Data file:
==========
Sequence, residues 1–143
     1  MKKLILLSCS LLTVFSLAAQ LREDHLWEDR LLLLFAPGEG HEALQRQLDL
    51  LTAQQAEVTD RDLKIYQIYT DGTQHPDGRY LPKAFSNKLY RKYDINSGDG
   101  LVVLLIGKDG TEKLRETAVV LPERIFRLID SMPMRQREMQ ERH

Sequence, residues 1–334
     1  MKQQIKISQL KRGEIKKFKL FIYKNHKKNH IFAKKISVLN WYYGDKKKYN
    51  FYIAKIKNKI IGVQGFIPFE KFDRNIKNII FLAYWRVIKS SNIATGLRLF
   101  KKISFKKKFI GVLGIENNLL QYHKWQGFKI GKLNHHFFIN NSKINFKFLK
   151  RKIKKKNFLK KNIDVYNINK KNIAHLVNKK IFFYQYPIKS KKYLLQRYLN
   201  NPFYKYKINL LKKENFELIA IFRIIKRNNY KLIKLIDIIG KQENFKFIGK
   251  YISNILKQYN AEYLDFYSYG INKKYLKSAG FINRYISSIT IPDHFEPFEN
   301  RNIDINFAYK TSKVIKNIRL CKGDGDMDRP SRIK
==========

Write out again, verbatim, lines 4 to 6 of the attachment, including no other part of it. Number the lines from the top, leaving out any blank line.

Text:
   101  LVVLLIGKDG TEKLRETAVV LPERIFRLID SMPMRQREMQ ERH

Sequence, residues 1–334
     1  MKQQIKISQL KRGEIKKFKL FIYKNHKKNH IFAKKISVLN WYYGDKKKYN